A dog might act like they hate puppies, but that’s not necessarily what is happening. There are many reasons older dogs might not want to deal with puppies, from their inability to read physical and social cues to the relentless invasion of your adult dog’s personal space.
Why Do Older Dogs Dislike Puppies?
Puppies are bubbly, jubilant, messy licking, up-in-your-space bundles of energy, and they generally have zero ability to recognize another dog’s body language. Many are separated from their mothers too early, so they don’t benefit from the natural training that takes place from being part of a litter.
For adult dogs with established routines, having new puppies invade their space is like how you may feel if a random kid started spraying you with silly string and tickling you with sticky half-melted popsicles. Even if it’s a kid you like, it’s annoying!
For grown dogs, training puppies is part of life. The tactics might seem aggressive to us, but for dogs, they are normal. But what about the dogs who are older in their years? In packs, the adults and adolescents train the puppies, while the seniors sit out. It’s simply not their bag anymore.
If your adult dog is unusually aggressive toward puppies, it may be because they’ve had a bad experience with them in the past. Or, they may not have any experience with them at all. Your dog might be triggered by the puppy’s vast movement and unpredictable behaviors. Positive reinforcement with things your dog likes, i.e., treats, is suggested to help your dog associate puppies.
Ways To Introduce Your Dog To A New Puppy
Have treats on hand. When your dog sees puppies, give them treats when they remain calm as the new canine passes. They will learn that a puppy equals a reward.
Have a leash ready. When a dog is off-leash and the puppy comes their way, clip the leash to the dog’s color to give yourself a little added control.
Create neutral zones by gently taking away your dog’s toy so they don’t feel a need to defend their prized possessions.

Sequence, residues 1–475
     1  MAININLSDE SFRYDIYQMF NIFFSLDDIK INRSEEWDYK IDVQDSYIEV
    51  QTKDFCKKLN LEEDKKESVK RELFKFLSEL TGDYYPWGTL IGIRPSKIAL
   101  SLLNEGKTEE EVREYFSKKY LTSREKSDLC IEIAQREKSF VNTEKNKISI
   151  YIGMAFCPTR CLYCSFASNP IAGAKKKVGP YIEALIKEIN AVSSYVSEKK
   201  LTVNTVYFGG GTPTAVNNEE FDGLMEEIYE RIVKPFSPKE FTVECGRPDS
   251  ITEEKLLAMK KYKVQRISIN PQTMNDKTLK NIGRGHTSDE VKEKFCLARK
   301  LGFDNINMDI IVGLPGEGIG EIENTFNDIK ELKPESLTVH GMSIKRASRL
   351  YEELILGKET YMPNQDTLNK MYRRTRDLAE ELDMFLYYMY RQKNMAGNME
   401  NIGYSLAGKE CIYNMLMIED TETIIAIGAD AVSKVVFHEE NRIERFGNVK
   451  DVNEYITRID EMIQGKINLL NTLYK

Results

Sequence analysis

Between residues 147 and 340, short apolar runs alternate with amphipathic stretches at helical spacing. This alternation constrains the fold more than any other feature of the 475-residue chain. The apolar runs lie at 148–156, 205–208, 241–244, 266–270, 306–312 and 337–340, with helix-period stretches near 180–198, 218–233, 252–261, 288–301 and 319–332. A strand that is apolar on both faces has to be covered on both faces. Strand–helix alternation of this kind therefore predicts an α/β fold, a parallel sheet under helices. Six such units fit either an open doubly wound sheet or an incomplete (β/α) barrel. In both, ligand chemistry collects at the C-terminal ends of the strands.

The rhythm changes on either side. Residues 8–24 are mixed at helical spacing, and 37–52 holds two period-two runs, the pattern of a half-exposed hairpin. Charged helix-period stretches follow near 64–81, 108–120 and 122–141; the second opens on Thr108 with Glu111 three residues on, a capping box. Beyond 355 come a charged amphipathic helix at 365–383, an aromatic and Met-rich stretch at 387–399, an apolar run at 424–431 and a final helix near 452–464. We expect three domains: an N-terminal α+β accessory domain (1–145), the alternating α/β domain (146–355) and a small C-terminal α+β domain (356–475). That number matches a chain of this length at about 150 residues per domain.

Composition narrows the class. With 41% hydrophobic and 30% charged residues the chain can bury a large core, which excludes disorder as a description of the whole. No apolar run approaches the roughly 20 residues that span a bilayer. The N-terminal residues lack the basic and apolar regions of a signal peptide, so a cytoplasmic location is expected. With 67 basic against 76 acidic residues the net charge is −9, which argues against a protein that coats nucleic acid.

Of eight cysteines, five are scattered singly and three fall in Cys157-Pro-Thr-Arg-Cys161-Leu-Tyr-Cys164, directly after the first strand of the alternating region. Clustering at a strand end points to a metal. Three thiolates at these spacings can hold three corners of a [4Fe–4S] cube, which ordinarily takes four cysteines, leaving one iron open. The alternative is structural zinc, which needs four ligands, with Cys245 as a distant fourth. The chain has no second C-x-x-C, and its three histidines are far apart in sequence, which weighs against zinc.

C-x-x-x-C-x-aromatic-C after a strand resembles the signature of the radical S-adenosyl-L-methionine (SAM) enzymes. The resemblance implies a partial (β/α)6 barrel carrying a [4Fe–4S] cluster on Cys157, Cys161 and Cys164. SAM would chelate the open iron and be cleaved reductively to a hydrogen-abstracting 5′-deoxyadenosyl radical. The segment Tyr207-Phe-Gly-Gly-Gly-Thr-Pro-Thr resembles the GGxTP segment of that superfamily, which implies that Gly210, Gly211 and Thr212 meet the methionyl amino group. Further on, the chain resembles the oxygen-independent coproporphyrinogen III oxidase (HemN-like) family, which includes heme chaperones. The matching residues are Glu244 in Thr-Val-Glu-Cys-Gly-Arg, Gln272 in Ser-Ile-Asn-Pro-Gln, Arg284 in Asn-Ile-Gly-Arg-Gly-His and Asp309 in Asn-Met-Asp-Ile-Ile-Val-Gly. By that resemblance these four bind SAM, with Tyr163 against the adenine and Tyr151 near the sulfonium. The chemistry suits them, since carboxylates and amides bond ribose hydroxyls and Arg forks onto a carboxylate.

Keep your demeanor and voice calm and friendly. This lets a dog know everything is alright, so they follow your lead.
Short-Term Strategies For Tolerating The Puppy
If it’s a potentially dangerous situation or your dog can’t tolerate it, calmly and clearly alert the puppy’s human parent. You might let them know your dog doesn’t like puppies and to get some distance so you may pass. You might suggest the owner carry their puppy past your dog, but it’s easier to take on the responsibility yourself and move out of their way.
Leave the immediate area if all else fails. Puppies have no manners, but sometimes, their parents are learning too. Later, you might want to discuss how dogs train puppies and how senior dogs think puppies are annoying. But for right now, it’s about keeping the peace.
Adding A New Puppy To Your Dog-Accompanied Home
Adopting a new puppy is exciting for pet parents. If you have older dogs at home, you may be wondering how to introduce the new puppy. Puppies don’t yet understand the dog world as your older dog does. With some preparation, you can make the meeting successful.
Before you bring the new puppy home – Put away the older dog’s favorite toys and shoes to avoid territorial behavior. Also, it’s important to create a space in your home where both dogs can have private time. You’ll want to purchase separate food dishes to prevent possessive aggression. Lastly, make sure both dogs are up-to-date on their vaccinations.
During the introduction – Keep in mind the older dog considers your house their house. To prevent aggression that is territorial, find a neutral area to introduce both dogs. Put the older dog on a leash while another person holds the leashed puppy. However, let them sniff and meet each other. There’s not a need to hold them tightly to your side. You don’t want them to feel restricted.
The first introduction needs to be relatively quick.
For all introductions, it’s important to stay calm. Dogs sense tension within you and it’s more likely to be stressed if you are. Your dog will take on your emotions and take them into consideration throughout the introduction. They look to you to understand how they need to react to the situation.
For the first week or two, continuously monitor both dogs and their interactions. Watching the body language of your dogs will help you gauge how they’re reacting to one another. It may take a while for them to become comfortable with each other, but will hopefully soon become lifelong friends!